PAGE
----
Pontiac’s long history came to an end in 2009 amidst GM’s bankruptcy and Pontiac’s lack of distinction within the General Motors family. But, the announcement came at at time when Pontiac began to distance themselves from the GM marching order, and a few years before had started producing some models with some real “driving excitement”. The GTO, which was a bit of a market fluke, may not have looked the part of a muscle car, but certainly went like one. The Solstice, the General’s answer to the Miata, hit the streets in 2006, after a very positive reception on the auto show circuit. On the heels of the Dodge Charger (and the renaissance of the big RWD-V8 American sedan), Pontiac launched the G8 in 2008, right when I turned 18–and I kept going back to the local Pontiac dealership waiting for one to arrive.
Back at the time, the new model was available with two engines, with a third coming for 2009. The base model got the fairly new 3.6L “High Feature” V6, rated at about 250hp, while the GT was blessed with a new variant of the 6.0L LS2 engine, putting out 361hp, in “L67” guise. The V8 also included cylinder deactivation, a nice touch for economy. In 2009, Pontiac put the new GXP on sale, featuring the 6.2L LS3 engine (with 430hp), a standard six-speed manual transmission, and upgraded suspension and brakes. The car was based on a Holden, the Commodore VE, and was essentially rebadged and given left-hand-drive. Sales in the USA for the G8 were rather poor due to a lack of marketing and slightly high prices (launching it not long before a recession likely didn’t help) with less than 40,000 sold in less than two years.
The car I drove was a used 2009 G8 GT in medium gray with about 40K miles on it and a gray interior, without the sport appearance package. This particular car was also equipped with a Pypes exhaust system, replacing the standard four exhaust outlets with a pair of single outlets. The G8 GT has a high level of equipment, with standard leather seats, a sunroof, a rear wing, 19″ rims, power front seats, steering-wheel radio controls, fog lights, and automatic climate control. Unfortunately, it never came with GPS navigation, which likely could have been fitted into the large center stack but somehow never was. That said, the standard Blaupunkt audio unit provides a great sound for its size, and is not too hard to figure out. The interior quality as a whole is a step above normal 2009 GM products (and a huge step forward from the Grand Prix it replaced for ’08), with rich leather and convincing plastics and colors. Styling-wise, the big G8 is sharp, with a good take on Pontiac’s corporate look, but without the ugly body cladding of years previous. Everything still worked as new, although for some reason, the G8’s seatbacks do not recline easily. I had constant trouble figuring out how to get the backrest to adjust. The power window switches are also not on the doors–they are mounted in the center console, likely so that the Commodore could be easily changed to left hand drive. But, these two flies in the ointment aren’t enough to break the deal.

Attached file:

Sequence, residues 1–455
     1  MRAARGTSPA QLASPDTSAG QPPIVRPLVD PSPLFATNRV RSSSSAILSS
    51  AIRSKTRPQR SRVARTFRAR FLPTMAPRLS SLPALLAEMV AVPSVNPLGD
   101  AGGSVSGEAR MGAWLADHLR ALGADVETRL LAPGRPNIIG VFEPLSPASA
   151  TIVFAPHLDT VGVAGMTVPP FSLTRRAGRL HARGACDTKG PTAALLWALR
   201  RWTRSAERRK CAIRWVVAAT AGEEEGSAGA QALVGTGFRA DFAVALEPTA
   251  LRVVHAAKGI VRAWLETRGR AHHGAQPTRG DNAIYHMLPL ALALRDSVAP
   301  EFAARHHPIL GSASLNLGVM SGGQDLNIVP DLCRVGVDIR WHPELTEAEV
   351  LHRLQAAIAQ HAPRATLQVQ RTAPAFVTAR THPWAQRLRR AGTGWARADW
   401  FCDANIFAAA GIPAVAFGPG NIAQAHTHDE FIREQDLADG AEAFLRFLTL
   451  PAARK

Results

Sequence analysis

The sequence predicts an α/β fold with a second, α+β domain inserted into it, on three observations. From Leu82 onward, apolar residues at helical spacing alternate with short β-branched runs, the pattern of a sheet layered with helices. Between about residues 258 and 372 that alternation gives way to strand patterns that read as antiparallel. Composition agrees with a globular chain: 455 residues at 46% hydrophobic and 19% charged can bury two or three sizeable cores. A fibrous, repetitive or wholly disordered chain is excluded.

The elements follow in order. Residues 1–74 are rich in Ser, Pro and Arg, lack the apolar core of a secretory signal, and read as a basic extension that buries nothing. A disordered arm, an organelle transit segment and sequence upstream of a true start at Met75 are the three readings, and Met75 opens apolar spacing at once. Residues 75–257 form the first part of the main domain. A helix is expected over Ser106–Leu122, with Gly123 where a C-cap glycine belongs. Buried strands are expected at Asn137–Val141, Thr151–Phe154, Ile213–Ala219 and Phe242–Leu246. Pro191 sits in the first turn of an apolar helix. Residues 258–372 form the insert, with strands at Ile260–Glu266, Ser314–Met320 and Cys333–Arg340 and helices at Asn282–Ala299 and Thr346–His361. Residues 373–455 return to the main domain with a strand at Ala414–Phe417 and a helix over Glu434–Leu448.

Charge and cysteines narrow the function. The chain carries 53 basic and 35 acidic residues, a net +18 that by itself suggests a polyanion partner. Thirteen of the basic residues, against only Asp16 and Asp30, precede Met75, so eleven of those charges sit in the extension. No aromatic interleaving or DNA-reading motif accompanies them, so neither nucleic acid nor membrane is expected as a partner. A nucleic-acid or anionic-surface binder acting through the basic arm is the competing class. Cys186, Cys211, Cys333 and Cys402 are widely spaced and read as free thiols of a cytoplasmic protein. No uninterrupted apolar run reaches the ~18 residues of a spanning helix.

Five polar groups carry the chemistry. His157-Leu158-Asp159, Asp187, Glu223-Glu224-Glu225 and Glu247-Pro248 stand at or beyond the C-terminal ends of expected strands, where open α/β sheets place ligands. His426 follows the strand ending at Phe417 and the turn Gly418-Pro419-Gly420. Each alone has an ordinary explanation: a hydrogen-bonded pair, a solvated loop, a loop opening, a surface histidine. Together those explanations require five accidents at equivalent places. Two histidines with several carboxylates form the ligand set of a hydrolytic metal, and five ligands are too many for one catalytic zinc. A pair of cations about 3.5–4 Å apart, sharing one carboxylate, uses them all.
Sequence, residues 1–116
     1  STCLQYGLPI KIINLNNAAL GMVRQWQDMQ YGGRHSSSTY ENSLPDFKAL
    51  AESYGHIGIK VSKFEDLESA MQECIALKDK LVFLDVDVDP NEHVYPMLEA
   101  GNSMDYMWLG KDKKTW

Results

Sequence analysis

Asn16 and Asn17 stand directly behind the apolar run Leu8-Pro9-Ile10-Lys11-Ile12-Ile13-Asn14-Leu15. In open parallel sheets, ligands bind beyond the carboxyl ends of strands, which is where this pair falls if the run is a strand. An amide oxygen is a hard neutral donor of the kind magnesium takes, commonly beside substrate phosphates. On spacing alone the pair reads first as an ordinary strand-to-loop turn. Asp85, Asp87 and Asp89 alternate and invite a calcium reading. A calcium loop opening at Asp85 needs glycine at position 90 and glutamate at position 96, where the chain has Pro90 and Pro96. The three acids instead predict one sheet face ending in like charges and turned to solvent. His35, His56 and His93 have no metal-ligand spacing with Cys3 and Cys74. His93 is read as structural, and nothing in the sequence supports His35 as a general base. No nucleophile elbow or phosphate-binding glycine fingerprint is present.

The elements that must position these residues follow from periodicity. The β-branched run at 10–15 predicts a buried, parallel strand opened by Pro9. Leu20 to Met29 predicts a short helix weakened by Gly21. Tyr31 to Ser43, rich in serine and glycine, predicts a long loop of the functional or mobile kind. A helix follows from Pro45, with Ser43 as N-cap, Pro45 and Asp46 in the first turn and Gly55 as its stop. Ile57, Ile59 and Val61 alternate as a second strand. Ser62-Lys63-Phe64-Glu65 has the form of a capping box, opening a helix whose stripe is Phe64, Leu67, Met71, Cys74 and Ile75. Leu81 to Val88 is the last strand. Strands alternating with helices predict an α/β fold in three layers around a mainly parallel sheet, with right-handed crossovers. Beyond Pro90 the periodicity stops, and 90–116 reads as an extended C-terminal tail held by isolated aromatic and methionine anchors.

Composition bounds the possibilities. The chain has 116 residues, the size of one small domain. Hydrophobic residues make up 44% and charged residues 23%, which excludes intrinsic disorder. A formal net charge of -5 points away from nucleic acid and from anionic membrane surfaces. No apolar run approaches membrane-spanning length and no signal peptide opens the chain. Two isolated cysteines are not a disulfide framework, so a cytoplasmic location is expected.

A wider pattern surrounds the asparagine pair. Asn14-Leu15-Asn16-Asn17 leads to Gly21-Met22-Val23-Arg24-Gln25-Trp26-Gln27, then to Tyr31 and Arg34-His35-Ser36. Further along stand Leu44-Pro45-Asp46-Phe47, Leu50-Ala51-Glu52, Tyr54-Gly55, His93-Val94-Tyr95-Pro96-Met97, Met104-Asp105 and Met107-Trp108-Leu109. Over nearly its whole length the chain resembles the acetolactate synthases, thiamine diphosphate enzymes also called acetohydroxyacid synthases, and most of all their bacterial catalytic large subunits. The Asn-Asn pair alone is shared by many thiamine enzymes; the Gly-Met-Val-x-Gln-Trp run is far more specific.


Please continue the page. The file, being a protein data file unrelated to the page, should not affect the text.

In the GT model, the 6.0L GM V8 puts out 355hp (midyear 2009 models have additional catalytic converters) and is hooked up to a 6L80-E automatic transmission, with manual-shift capability, but does not use paddle shifters. A manual was considered during development for the GT but never made it to production (this was rectified with the GXP). On the move, the GT does feel quite large, owing to its wide hips and its chunky fenders. But, visibility fore and aft is quite good for its size, and the seats are both comfortable and supportive. The instrument panel is very easy to read as well.
The ride is fairly good, if a little stiff due to the large 19″ rims. The power steering is surprisingly heavy for a big American sedan–a big plus for enthusiasts and a clear reason to consider one of these over the Chrysler 300C. The brakes are balanced well, bringing this big hulk of metal to a stop without drama. Of course, though, a straight line is where this car shines. The big V8, especially with the custom exhaust on this one, has a deep idle and cuts to a roar on acceleration, with the typical sound of a big Detroit V8. It accelerates like a slingshot from a 30MPH roll up to 95 without any trouble–in fact, for a car this size, the torque and the rate of change of speed is surprising. I was not expecting the G8 GT to be as responsive as it is, but once I de-welded my foot from the gas pedal, I realized just how much fun this car is on the highway. A lot of it could be traced to the automatic transmission, which in most GM cars is a fault; in the G8, however, the 6L80-E is responsive and kicks down much faster than Chrysler’s ZF-sourced five speed auto.
Fuel economy is, of course, not so good, but with this being a V8-powered American heavyweight (built by Oz), that comes as no surprise. It has its faults, including a slightly confusing interior and below average fuel economy, but the G8 GT has its charms. It’s a shame that after GM shut down Pontiac they did not reassign some of their products to other brands, which they did do with Oldsmobile (the Bravada became the Buick Rainier, the Silhouette became the Buick Terraza, etc), as the G8 would have made a fantastic Impala replacement. However, the new Chevrolet Caprice could be considered its spiritual successor (although it is only available as a police car). This car stickered for about 32K new, and turned up used for about 23 large, a very good deal for a 3-year-old vehicle. Would I get one after this drive? I wanted one when it was new–and now that I have driven one, I want one even more.
-Albert S. Davis